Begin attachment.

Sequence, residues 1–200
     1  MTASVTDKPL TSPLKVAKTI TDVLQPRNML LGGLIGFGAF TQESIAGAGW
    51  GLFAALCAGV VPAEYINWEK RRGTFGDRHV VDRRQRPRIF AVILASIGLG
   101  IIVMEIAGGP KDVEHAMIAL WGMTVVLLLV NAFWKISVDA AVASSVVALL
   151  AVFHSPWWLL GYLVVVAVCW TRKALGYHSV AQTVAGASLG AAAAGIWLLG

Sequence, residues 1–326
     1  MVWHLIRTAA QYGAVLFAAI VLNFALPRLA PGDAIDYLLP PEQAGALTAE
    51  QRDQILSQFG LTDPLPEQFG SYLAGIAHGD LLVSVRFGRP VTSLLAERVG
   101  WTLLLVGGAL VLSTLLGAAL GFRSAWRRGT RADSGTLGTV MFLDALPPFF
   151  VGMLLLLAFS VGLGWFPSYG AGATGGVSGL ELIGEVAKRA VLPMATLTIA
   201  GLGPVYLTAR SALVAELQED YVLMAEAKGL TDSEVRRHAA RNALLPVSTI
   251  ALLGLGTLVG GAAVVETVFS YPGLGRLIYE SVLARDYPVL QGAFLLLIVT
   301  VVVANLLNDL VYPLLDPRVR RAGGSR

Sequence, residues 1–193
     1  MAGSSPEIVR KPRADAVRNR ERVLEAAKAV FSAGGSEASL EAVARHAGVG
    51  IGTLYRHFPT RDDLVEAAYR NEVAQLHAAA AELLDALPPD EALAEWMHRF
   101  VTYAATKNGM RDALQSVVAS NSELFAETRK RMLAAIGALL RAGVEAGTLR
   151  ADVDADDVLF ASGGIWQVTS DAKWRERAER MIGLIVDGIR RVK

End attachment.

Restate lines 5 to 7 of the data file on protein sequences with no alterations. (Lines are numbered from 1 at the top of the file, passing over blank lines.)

   151  AVFHSPWWLL GYLVVVAVCW TRKALGYHSV AQTVAGASLG AAAAGIWLLG

Sequence, residues 1–326
     1  MVWHLIRTAA QYGAVLFAAI VLNFALPRLA PGDAIDYLLP PEQAGALTAE